Can Chatbot Therapy Replace Authentic Connection?

The recent news about a Belgian man committing suicide after communicating with a chatbot named Eliza resonated with me uncannily. Any therapist, even mildly interested in online therapy, has heard about Eliza, an early natural-language processing program written by Joseph Weizenbaum in the mid-1960s at the MIT Artificial Intelligence Laboratory. That original Eliza was simple, obviously non-human, and limited in her array of responses. She was fun, and people engaged with her playfully, fully aware of her non-humanness. A few decades later, things are quite different. Humans have been changed by the very digital tools they created, and the sad story of this man has demonstrated how far we can go in turning to a computer program, not only for work or fun, but also for a reassuring connection.

In regard to mental health, non-human interventions have a limited scope. Therapists may breathe with relief — their jobs will not disappear just yet, taken away by robots. And it is tempting to speculate what would have happened if this distressed man had turned to a human therapist, not a computer? Would he still be alive?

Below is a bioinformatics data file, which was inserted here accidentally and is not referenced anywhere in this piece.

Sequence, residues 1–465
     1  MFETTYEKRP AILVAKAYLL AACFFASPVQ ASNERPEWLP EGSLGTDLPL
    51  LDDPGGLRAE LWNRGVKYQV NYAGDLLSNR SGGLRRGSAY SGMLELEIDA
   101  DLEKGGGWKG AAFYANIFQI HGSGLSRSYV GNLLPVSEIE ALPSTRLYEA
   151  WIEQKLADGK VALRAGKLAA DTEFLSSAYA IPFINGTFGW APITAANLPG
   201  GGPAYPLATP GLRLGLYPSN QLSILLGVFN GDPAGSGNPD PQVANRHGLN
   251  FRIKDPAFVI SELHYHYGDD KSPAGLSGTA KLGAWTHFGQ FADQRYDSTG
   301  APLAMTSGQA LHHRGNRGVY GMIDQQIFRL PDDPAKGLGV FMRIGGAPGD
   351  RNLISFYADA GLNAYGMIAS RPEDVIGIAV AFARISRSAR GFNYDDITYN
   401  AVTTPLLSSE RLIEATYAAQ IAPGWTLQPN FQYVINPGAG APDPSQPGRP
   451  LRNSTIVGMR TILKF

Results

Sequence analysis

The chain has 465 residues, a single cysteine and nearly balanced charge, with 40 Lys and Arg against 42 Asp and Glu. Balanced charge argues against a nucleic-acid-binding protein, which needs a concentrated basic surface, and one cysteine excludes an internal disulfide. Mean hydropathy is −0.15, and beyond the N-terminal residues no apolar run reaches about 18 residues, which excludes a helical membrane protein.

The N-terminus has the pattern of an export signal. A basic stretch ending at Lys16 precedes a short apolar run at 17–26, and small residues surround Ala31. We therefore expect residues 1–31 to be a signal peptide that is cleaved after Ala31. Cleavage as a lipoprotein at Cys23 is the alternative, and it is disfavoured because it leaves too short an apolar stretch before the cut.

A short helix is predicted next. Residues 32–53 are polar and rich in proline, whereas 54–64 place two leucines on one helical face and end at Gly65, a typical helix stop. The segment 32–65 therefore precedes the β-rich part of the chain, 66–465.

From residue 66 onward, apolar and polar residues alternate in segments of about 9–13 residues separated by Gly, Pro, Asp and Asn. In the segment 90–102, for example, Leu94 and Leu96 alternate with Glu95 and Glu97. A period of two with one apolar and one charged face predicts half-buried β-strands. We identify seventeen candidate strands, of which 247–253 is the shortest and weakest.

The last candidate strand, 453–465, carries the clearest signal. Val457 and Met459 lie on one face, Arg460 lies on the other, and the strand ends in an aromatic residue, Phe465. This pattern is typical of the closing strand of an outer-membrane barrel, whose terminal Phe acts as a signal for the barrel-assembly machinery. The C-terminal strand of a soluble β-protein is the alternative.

Based on the newspaper accounts, the Belgian man suffered from climate anxiety, which was contributing to him feeling increasingly hopeless and lonely. In the last two years before his desperate act, he had turned towards religion. Was he hoping for a miracle to save the Earth? Was he trying to unburden the overwhelming responsibility that his belief about the approaching end of the world was bringing up? Erich Fromm, the German American psychoanalyst, elaborated on the idea of humans giving away their freedom for an existence exempt from responsibility. This mechanism is at the basis of any autocratic system, and while Fromm used his observation of the psychological conditions that contributed to the rise of Nazism in 1930s Germany, today’s world politics abound in similar examples. It seems to confirm many of his ideas.